The flight attendant pauses by my seat during the oxygen mask demonstration. “First put on your mask and then help anyone who may need assistance,” she says. As always, this makes me feel guilty. Someone once used the oxygen mask metaphor to explain how important it is for a mother to prioritize her needs. And I know, I know–I’m supposed to take some “me time.” So why do I hate doing it?
My first experiment with “me time” came when my daughter was only a few weeks old. My mom urged me to walk to the grocery store and back, just to “have a little me time.” I reluctantly agreed and found myself flustered and distracted the whole time. It is not rejuvenating to pick out dishwashing soap. When I got back, my baby was fussy, but fine. Me, not so much. Thus began my long and complicated relationship with “me time.”
A common excuse we give for not prioritizing ourselves is guilt. We feel guilty for putting our needs ahead of our children’s. I think this over-simplifies things. Let me explain by referencing someone who has never been accused of being simple: Shakespeare.
Before I was a mom, I was a teacher, and one of my favorite plays was Hamlet. Hamlet is charged by the ghost of his dead father to avenge his death, and Hamlet wants to! But for three acts he finds reasons why he can’t: he doesn’t have the perfect plan; it’s the not the right time (sound familiar?), etc. He feels extremely guilty, but all the excuses boil down to one—he’s afraid. He’s afraid to fail.
Recently, in our Learning Circle, we came to the same conclusion. Sometimes we avoid prioritizing our “non-mom” selves because it’s scary. Why? What are we afraid of? What would happen if we prioritize ourselves?
First of all, we may find that the things we want to do are hard. I wanted to write for a long time. But I was afraid that if I took some time to write, I would find that I am terrible at it. So instead of finding out, I never found time to write. “I really want to learn how to cook,” you might say. But inside you’re thinking, “I’ll never be able to do that!” Or “I really want to run a half-marathon.” The voice inside your head hisses, “Yeah, right!” And so we put off the things we really want to do because if we never do them, we will never fail at doing them.
Secondly, everything changes when you become a mother. Everything. That means that even the things you used to enjoy — the things that rejuvenated you — might have changed, too. Let’s go back to when I left my daughter to go to take a walk to the store. Before I was a mother, I may have found that relaxing. Now, it makes me flighty. Why am I wasting my precious alone time on shopping!? A friend of mine said, “I just don’t feel like myself until I have exercised in the morning and taken a shower. And I just can’t do it before the baby wakes up!” Instead of throwing up her hands and saying, “Fine! I won’t exercise!” or “This baby is taking up all my time!” she drops the baby in a stroller and goes for a walk. It might not be the way she exercised before, but so what? She’s changed.
Without any good ideas about how to enjoy our “me time”, we start to think about it as a battle with our children. Either I take this time for me or I give it to my children. When I think like this, I inevitably feel angry at my kids for taking so much of “my time”. This leads to–where else?–guilt.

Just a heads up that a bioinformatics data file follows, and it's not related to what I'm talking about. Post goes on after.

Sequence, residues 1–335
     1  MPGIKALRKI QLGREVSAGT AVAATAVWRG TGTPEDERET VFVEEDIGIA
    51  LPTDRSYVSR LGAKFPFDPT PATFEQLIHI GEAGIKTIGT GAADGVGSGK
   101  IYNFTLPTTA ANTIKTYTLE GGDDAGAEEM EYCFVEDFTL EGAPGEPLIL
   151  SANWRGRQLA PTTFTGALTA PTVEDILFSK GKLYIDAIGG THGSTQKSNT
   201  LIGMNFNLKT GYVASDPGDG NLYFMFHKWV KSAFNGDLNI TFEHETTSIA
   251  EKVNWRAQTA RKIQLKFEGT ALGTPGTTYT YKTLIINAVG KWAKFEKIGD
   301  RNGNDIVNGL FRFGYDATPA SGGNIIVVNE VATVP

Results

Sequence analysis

Once, at a church activity, there was a young woman who had recently had a baby. She left the baby home and everyone was saying, “Good for you! You need to take some time for yourself.” She, however, looked miserable. I asked her if she was having fun and she admitted she was not. But she knew this was “good for her.” I wished I could tell her that there is a big difference between “me time” and “me-ness,” and she doesn’t have to leave the baby at home to feel like herself.
How often do we hear that “me time” is the holy grail of mothering? But time alone is just one of the ways to achieve “me-ness”: the feeling that you are a person, too. This is a subtle distinction. I can think of myself, even amid the chaos. Fine, so I don’t get pedicures to “refill my cup”, but I do other things. I make food that I like. I try to use naptime for writing (even though it’s scary) instead of cleaning. When we play with other children, I talk to the adults. These are easy to ways to prioritize myself and my own needs in a way that doesn’t make my children the enemy.
You know what else restores me? Walking behind my daughter and watching the way her blonde hair bounces; laying down with the baby while he falls asleep; pausing, many times during the day to take a deep breath and say, “This is chaotic and this is nice.” I don’t have to be alone to recharge. I just have to consciously choose to do it.
Then, when I do get some alone time, I don’t have to waste my time unwinding from my battle to get away from my kids. Instead, I can get up the courage to do those “non-mom” things that I crave.
Let’s go back to Hamlet. This is where we find the maxim, “To thy ownself be true.” That’s the best way to prioritize yourself. Do it YOUR way. Do the little things each day that say, “I am a person, too.” Instead of running away from your kids, make it your priority to run towards the things that will make you thrive, and dare to do them.
Question: What are three little things you can do each day (with or without your children) that can help you recharge?
Challenge: Identify that project or goal that you’ve been avoiding because it’s scary. Take two baby steps this week toward that goal. You can do it!
Photo courtesy of Amanda Hamilton Roos